Mathletes prep for a new season

After the Diamond Bar High School math team participated in their final competition of the season on Nov. 18, they began looking ahead to  making improvements to the club in order to have a stronger start next school year. 

In round two of the Math Madness tournament, DBHS faced  Adlai High School in Illinois, and, although the Brahmas had a lead over Adlai until the latter half of the round,  lost 40-32. DBHS defeated Glenbrook South High School and Moravian Academy to reach round two. 

In each competition, the team has 30 minutes to answer eight questions. Although Adlai, the No. 1 ranked team in the nation, won, senior officer Lucas Wang said he was proud of the DBHS team’s effort. Top scorers included senior Tony Wan, who answered eight questions correctly, and juniors Aaron Sun and Allen Wang as well as sophomores Jason Kim and Andrew Huang, who answered six questions correctly. 

“I would be lying if I said I wasn’t disappointed, but it was also to be expected that we lost against a number one team,” he said via Zoom. “I think our team held our own against [Adlai] very well.”

Wang said that the team started out strong in the beginning, as they did gain a lead on Adlai within the first 15 minutes of the competition, but then started falling behind in the second half after each member made the same error on one of the questions.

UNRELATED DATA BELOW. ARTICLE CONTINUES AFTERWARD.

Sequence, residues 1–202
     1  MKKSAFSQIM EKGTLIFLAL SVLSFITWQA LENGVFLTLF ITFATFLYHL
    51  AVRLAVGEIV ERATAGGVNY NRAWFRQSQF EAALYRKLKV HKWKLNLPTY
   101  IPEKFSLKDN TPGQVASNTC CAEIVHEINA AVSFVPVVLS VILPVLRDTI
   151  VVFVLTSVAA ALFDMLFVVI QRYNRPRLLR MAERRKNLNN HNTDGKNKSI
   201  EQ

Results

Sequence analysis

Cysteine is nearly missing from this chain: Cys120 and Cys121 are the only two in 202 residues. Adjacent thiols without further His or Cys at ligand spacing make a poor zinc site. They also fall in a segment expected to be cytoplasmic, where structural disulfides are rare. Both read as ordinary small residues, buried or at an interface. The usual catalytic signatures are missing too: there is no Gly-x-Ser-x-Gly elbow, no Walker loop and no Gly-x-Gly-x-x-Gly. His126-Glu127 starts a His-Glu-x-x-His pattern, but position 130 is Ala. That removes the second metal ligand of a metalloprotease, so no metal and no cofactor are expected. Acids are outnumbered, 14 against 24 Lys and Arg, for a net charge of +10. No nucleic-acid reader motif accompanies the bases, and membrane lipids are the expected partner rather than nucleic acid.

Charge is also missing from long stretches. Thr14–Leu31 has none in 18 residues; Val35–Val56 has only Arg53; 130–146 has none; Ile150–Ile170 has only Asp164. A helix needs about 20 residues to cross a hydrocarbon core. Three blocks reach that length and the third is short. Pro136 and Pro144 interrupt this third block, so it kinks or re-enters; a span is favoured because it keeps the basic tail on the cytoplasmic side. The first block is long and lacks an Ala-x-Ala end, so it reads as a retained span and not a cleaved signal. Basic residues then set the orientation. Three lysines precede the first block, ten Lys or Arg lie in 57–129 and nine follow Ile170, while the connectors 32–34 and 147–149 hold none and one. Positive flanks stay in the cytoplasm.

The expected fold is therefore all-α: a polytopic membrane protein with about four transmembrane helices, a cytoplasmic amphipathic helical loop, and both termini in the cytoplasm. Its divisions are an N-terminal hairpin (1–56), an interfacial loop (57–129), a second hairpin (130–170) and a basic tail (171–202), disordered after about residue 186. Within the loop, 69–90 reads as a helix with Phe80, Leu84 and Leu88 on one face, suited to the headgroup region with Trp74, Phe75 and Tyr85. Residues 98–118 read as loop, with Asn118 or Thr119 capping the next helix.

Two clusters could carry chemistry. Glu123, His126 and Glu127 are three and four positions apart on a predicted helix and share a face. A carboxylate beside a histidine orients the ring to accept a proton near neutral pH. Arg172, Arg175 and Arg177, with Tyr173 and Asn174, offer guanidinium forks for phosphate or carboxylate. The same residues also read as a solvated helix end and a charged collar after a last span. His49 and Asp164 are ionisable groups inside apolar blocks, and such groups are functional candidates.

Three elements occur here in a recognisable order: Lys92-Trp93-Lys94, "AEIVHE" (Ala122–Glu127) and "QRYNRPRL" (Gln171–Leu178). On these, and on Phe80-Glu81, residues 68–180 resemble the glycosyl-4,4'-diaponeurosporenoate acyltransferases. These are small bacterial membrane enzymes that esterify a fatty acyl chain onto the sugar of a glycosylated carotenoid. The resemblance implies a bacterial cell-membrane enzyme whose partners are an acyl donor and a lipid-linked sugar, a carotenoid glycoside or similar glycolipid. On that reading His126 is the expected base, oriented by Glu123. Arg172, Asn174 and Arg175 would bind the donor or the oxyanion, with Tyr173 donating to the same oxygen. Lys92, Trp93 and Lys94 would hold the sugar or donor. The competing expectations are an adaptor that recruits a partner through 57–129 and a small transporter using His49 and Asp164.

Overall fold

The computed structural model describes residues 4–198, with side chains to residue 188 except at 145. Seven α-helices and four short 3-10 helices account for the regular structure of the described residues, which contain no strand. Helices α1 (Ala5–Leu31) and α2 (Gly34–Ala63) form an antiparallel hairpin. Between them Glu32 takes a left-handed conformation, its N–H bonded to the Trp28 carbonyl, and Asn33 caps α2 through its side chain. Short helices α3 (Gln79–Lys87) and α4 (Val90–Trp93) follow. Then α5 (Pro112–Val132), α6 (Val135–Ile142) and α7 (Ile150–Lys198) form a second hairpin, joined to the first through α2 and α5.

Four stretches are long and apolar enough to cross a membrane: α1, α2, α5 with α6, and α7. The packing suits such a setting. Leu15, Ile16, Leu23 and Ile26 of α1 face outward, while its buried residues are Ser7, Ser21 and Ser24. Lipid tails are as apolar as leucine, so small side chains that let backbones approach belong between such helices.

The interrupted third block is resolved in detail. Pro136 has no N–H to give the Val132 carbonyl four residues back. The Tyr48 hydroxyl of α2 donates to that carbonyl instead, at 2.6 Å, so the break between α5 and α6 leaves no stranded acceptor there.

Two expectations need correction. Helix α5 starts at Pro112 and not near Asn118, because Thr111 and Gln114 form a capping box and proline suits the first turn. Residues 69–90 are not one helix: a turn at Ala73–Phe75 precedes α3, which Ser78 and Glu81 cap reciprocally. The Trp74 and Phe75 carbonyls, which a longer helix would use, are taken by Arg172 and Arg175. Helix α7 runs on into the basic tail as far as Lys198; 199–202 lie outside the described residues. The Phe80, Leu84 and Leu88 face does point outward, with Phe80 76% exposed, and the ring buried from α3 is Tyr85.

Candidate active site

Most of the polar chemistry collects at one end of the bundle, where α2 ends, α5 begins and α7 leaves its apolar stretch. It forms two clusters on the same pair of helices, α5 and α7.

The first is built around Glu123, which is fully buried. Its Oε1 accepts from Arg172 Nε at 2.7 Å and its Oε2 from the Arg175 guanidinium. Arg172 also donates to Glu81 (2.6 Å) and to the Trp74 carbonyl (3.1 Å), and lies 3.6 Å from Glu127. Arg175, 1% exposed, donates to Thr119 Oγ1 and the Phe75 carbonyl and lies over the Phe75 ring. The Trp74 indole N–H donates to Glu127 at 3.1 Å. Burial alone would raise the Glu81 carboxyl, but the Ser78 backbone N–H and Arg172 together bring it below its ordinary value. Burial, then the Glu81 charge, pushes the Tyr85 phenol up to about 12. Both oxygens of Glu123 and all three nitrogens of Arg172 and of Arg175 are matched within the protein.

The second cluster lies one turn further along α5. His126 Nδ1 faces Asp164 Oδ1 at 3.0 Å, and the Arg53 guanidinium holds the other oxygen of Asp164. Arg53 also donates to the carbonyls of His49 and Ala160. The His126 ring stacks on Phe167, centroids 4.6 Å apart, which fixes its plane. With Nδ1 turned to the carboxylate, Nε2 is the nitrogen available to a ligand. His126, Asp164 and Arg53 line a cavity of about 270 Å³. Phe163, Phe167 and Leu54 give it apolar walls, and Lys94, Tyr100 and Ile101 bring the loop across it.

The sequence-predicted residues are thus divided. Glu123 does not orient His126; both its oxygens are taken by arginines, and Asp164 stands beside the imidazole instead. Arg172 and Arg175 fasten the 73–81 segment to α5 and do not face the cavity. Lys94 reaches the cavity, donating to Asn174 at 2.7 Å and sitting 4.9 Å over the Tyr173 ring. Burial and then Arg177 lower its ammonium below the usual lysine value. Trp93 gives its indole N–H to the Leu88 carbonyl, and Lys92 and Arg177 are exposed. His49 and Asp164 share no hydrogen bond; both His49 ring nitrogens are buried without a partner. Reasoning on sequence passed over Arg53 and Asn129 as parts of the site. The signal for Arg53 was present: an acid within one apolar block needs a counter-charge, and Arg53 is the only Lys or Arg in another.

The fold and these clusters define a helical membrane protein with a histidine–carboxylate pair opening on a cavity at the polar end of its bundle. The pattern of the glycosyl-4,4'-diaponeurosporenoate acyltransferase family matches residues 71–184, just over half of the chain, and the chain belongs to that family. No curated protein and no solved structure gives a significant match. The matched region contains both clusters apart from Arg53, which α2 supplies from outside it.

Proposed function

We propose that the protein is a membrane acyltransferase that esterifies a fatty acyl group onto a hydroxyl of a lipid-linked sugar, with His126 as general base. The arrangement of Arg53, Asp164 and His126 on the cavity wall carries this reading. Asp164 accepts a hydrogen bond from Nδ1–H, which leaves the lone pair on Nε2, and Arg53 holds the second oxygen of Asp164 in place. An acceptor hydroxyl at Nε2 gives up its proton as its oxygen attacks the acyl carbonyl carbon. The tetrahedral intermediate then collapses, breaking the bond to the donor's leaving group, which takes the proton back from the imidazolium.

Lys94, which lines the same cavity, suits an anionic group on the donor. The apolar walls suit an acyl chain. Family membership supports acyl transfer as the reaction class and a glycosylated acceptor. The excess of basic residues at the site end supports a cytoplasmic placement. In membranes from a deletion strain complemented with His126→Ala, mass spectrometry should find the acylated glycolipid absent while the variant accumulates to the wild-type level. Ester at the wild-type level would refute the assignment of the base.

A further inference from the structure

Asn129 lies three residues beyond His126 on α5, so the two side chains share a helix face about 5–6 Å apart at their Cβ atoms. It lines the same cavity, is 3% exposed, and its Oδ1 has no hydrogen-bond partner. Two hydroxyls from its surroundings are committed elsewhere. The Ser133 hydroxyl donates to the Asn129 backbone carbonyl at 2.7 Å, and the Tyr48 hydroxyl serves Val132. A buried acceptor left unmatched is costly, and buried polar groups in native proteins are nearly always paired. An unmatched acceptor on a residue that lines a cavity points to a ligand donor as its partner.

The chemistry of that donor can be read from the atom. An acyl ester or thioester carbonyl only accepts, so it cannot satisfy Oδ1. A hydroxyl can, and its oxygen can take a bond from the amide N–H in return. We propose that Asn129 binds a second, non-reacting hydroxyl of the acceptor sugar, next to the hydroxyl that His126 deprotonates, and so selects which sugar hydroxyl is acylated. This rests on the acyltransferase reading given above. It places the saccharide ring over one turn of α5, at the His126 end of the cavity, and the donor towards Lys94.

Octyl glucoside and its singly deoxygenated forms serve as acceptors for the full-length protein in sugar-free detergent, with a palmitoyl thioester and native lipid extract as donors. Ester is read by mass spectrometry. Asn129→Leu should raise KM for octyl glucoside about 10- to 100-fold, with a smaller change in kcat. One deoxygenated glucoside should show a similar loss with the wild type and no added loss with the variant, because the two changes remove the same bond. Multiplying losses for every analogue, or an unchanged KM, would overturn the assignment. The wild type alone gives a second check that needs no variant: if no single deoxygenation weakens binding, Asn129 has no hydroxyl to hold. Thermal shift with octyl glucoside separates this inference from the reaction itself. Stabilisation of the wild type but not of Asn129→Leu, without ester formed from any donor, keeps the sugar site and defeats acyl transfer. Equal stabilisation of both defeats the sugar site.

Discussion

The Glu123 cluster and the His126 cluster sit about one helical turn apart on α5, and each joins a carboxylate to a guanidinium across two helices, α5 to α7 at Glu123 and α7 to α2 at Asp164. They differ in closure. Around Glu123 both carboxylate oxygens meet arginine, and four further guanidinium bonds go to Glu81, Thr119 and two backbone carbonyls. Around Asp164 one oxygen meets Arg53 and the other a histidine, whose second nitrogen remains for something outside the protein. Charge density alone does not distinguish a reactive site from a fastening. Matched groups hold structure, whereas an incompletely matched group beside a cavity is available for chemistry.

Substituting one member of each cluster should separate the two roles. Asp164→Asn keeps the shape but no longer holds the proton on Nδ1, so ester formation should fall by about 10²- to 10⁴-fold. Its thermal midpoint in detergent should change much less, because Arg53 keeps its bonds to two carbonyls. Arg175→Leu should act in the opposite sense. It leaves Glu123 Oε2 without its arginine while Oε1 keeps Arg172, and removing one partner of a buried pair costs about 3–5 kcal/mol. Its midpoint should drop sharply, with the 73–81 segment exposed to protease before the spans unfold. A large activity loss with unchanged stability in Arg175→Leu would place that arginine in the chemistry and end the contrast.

“We were kind of straight laced,” Wang said. “We only thought of one solution, and then nobody thought to look and double check our answers with [a] different solution.”

Since the team had to practice virtually this year, they introduced workshops to middle schoolers attending South Pointe. Wang said that he hopes that conducting a workshop every Friday will be a successful way to recruit more members.

“Workshops for middle-schoolers was more of a community outreach that we had decided to do this year,” Wang said via Discord. “Our officer team this year wanted to focus on diversity and encourage more people from any level to join math team.”

To prepare for the next season, Wang wants to ensure the team stays focused and sharp during competitions.

“People answer a lot of questions and our leaderboard is filled with high numbers, but as we approach the second half we slow down and some people may not get every question correct,” Wang said. “That’s one of the challenges we face—we have to keep up the tempo, we have to not lose concentration and make small mistakes, careless mistakes.”

Junior officer Emma Fu said she feels as if  members sometimes struggle to  collaborate with each other since competitions are mostly based on individual work. As a result, when competitions do require members to work together, it can be challenging to efficiently work out the answer. To solve this, she wants to encourage members to interact outside of competitions. 

“I feel like we could probably try to get participation up in workshops,” Fu said. “[That’s] probably something I’d like to do since this year and previous years I’ve seen there hasn’t been that [many] people coming, but I feel like it’d be nice if we could get more people,  motivate them to come.”